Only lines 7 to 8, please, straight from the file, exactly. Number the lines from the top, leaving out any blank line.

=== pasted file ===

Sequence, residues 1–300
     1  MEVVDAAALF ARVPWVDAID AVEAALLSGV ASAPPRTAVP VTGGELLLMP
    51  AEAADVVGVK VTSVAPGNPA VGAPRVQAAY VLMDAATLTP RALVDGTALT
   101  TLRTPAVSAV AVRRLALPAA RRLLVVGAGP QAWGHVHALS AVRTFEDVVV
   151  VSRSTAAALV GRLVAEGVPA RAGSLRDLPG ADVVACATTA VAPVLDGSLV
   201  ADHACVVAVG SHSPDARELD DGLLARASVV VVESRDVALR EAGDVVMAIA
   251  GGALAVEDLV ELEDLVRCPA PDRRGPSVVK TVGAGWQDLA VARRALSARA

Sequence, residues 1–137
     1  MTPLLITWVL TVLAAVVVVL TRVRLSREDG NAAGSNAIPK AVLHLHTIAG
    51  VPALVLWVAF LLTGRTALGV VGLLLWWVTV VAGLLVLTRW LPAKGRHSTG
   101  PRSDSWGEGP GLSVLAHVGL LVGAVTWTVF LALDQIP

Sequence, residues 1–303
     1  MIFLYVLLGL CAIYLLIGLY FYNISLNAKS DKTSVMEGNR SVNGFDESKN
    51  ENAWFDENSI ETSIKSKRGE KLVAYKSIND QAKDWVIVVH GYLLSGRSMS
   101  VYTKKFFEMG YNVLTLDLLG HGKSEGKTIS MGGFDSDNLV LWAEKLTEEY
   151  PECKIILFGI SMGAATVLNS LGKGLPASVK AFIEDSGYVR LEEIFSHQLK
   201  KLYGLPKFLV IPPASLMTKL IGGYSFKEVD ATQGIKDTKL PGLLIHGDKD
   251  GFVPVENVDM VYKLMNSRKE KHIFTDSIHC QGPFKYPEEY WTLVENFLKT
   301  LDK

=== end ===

   251  GGALAVEDLV ELEDLVRCPA PDRRGPSVVK TVGAGWQDLA VARRALSARA

Sequence, residues 1–137